What is the nature of of the cultural armature in Vienna that influences decision making, institutions, cultural, economical, and political developments as well as the population, its demography, migration, and self-imagination?
Contrary to cities in the United States, nearly all cities in Europe have histories going back well over a thousand years. This makes it difficult to refer to something like “founding fathers” or documents that would give the city a meaning or a responsibility in the development of the society as a whole.
Vienna, for example, was a place of continuous habitation since 500 BC, fortified by the Romans in 15 BC, with a clear rise in importance beginning in 976 with the Babenberg dynasty, which, in 1440 was replaced by the Habsburg family. Being the de facto capital of the Holy Roman Empire, Vienna quickly became the center of arts, science, music, as well as fine cuisine. Two of the great stories this city has to offer are the two battles against the armies of the Ottoman empire in 1529 and in 1683. During the Napoleonic Wars, Vienna became the capital of one of the big players in European history, the Austrian (later Austro-Hungarian) Empire. During these years and up until the end of the monarchy in Austria, the city was a centre for classical music, and intellectual exchange of great (and less great) thinkers and practitioners. After World War II the city was divided into four occupation zones controlled by British, American, French and USSR troops; espionage included. Communal housing as well as a collaboration between differently-oriented parties not only led to a type of social housing assets that you can find until now, scattered over the whole terrain of the city, but it laid the basis for a consent-oriented type of politics that is known as “Sozialpartnerschaft,” including economic as well as political actors.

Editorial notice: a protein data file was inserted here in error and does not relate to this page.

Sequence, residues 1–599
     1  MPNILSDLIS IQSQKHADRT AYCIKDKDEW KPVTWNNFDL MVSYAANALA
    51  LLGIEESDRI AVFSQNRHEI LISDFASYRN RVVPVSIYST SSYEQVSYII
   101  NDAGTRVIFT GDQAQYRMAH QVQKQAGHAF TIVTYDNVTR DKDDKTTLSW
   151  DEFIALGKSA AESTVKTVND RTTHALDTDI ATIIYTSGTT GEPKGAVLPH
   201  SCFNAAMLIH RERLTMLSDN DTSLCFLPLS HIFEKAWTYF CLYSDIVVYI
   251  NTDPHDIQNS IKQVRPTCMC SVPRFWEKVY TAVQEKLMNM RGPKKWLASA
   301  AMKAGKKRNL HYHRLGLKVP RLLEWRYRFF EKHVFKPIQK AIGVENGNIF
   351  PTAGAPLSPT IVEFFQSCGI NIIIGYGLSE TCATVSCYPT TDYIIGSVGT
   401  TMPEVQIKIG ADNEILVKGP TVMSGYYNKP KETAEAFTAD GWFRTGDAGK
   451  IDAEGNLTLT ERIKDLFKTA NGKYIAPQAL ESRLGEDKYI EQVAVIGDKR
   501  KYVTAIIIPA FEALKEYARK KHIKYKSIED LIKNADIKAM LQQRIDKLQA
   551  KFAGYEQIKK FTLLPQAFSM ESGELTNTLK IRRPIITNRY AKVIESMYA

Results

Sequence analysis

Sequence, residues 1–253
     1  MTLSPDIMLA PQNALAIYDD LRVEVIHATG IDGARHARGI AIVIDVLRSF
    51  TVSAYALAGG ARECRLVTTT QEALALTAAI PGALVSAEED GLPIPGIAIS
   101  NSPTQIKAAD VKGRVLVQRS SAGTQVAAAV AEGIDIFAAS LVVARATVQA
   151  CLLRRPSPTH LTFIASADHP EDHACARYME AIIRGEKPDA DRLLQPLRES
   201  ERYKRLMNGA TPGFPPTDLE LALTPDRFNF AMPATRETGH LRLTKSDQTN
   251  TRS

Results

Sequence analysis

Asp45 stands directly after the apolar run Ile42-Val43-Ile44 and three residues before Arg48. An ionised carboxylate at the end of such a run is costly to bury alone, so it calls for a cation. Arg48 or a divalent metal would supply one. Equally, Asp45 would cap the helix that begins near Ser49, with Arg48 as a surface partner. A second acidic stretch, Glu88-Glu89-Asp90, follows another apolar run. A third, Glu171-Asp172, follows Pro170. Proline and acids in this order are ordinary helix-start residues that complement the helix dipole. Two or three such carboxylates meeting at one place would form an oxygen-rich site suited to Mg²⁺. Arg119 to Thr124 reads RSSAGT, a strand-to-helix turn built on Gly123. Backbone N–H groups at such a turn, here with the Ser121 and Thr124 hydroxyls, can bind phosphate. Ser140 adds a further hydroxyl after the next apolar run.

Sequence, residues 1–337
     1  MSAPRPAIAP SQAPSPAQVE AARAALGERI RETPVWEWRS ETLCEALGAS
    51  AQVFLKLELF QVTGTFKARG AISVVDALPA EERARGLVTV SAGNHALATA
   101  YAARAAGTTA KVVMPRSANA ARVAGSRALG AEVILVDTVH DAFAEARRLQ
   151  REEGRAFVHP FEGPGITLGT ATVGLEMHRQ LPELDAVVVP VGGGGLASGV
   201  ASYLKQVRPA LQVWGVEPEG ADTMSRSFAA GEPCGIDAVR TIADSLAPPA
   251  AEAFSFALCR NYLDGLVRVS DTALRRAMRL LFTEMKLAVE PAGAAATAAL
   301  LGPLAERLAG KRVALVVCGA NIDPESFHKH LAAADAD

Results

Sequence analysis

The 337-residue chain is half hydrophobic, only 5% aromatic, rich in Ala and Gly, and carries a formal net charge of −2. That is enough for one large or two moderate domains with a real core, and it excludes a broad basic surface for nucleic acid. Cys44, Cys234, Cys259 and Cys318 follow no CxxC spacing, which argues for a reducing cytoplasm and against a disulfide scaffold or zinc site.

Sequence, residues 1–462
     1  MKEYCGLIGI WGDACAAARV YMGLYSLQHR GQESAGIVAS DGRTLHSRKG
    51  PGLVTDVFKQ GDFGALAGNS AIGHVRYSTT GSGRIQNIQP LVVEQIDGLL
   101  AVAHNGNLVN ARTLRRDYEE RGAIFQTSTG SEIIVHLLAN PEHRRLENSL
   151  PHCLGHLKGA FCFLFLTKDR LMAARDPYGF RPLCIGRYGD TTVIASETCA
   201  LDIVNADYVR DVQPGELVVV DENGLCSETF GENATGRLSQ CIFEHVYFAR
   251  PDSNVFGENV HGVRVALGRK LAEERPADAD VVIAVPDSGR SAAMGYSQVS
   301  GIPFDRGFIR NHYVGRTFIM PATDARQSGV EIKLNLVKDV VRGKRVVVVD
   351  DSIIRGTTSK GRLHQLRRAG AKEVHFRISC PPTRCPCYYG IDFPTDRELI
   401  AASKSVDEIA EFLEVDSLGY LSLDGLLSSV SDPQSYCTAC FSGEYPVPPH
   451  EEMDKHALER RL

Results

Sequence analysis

Carrying these historical shifts from city to capital, from top of an Empire to being divided into occupational zones, there is not much that I would call Vienna’s cultural armature. However, there is something you can find in all of Austria, but in my opinion, its quality and meaning is different in Vienna: being fed up with, but relying heavily on administrative bureaucracy.
If you live here and get to feel the pulse of a very old heart beating, you notice that there is not much of an active civil society in Vienna. Of course there are various movements and there is one or the other campaign that arises out of what we would call a civil society, but all in all, everything comes back to the authorities. There is no problem-handling capacity; and even if there was, people would ask the authorities, whether they were allowed to do that. (This, by the way, is even mentioned in world famous literature dealing with the inhabitants of this city. Read Stefan Zweig, for example.) By redirecting issues that in other cities are dealt with outside bureaucracy, people here rely on its involvement. As this very administration can, however, only act on the basis of laws, a shift in problem-solving capacities can be seen.
Think about a Chinese community in Vienna wanting to decorate “their” street. They could not just do it. They would have to get a permit to do that, and they would have to fulfill certain requirements - some of them even influencing they way things look. In the end, this community is never able to build up what in other cities is known as Chinatown. Wouldn’t they have to resort to the authorities, they would not have to follow specific rules and regulations, hence they would be in power to change things. - And change is exactly the aspect, a healthy bureaucracy is made for to avoid. Instated by the Habsburgs to ensure their rule over a mixture of ethnicities and peoples, this system proofs effective until today.
Is bureaucracy the cultural armature of Vienna? I do not know, but it is the one typical thing that goes through all generations and is—strangely enough—more or less accepted by most of the people.